Among the reasons I was positive about the choice of Roberto Azevedo as WTO DG was his extensive experience with the dispute settlement process in the WTO, perhaps its most important and certainly most successful function today. I was very surprised by a recent report in an Indian newspaper that Azevedo has stated that India's food security law will place it in violation of the Agreement on Agriculture. The report is here (The Hindu, Oct. 7): bit.ly/15iDo16. Perhaps the report is inaccurate, or the DG was merely stating that some WTO Members had raised issues about the law or that a request for consultations or a panel was immiment.Such a statement of notorious fact would of course be entirely innocuous. What, however, would be much more serious is if, as the article literally states, Azevdo "assert[s]" that a particular measure of a particular Member "breach[es]" its obligations under a covered Agreement. Article 23 places an obligation on WTO Members to make determinations of whether WTO rules have been violated only through resort to the DS procedures. Granted 23 does not bind the DG, but unilateral determinations by the DG that a measure of a Member is in breach do not sit well with the spirit of 23.
I suppose that a panel or the AB could simply ignore a statement by the DG that a Member has breached its obligations. But after the head of the WTO has already pronounced on the facts and the law, could the Member really be confident that they would get a fair trial in the dispute settlement system?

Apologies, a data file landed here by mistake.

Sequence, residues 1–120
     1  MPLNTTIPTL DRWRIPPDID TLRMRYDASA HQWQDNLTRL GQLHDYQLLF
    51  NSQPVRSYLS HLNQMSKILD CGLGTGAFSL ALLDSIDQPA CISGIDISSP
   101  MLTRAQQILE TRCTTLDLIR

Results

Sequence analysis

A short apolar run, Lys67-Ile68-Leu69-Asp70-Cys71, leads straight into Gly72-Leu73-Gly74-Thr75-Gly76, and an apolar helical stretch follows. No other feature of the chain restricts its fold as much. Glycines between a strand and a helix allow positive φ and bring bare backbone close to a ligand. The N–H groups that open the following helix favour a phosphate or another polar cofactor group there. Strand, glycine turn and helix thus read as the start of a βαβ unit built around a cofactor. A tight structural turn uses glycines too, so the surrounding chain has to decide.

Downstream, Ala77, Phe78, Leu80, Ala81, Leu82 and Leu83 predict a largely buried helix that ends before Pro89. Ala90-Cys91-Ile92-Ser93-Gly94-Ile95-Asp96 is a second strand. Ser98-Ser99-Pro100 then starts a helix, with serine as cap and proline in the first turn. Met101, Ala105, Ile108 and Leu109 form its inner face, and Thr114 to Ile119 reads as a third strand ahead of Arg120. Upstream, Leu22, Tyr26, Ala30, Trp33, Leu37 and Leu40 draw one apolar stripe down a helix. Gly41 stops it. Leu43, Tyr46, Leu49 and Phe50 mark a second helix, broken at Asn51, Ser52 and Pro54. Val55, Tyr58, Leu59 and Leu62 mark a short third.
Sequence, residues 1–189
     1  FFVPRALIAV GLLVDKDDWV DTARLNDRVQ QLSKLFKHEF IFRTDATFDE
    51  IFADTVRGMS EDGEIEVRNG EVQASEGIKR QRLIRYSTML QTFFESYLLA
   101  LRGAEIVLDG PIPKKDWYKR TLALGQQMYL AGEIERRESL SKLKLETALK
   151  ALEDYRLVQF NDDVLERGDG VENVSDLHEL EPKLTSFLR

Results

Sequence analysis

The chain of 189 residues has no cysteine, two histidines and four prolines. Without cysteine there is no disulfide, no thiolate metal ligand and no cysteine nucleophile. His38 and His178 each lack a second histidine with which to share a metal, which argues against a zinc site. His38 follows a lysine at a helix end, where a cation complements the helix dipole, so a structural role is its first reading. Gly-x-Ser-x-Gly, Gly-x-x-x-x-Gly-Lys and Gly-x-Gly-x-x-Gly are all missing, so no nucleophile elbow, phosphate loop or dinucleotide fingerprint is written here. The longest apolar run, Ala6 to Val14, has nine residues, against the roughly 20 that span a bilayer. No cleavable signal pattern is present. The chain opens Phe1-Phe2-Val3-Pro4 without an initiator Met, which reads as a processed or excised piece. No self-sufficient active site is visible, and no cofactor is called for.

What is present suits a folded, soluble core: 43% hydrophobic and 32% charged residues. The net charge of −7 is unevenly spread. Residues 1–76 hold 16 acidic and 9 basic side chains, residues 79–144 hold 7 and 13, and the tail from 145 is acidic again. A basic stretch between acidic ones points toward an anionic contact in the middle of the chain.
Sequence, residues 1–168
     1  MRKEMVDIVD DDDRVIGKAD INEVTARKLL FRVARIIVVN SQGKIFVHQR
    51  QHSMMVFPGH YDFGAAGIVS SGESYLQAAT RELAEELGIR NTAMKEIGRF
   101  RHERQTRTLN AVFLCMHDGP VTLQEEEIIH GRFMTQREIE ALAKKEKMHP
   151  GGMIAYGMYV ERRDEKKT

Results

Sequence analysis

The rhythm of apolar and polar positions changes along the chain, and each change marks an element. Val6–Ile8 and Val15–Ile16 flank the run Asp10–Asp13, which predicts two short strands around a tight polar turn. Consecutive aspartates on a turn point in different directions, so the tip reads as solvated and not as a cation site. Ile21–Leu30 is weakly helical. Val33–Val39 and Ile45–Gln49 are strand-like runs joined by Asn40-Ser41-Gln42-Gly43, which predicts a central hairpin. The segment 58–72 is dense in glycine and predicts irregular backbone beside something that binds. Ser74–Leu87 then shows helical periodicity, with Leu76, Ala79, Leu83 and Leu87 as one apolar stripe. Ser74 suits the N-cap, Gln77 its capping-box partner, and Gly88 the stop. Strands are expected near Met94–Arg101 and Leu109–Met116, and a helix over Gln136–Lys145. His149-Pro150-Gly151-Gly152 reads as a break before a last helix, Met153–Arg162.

Some years ago, I was concerned when Pascal Lamy starting making interpretations of AB rulings and their applicability to other situations (part of the concern there was the wildly erroneous readings he was making). But the actual statement that a specific measure by one Member violates a particular obligation under the DSU (without a dispute ruling)-Lamy to my knowledge never went that far.
If the newspaper report is inaccurate, then the DG's office should demand a correction. While I realize that for now the US would appear to be on the opposite side from India on the food security issue, the Administration should be very concerned about a precedent where the DG can go around declaring individual Members' measures illegal without, or prior to, dispute proceedings. If he were to do that in regard to US legislation, I can well imagine some difficult questions from Congress.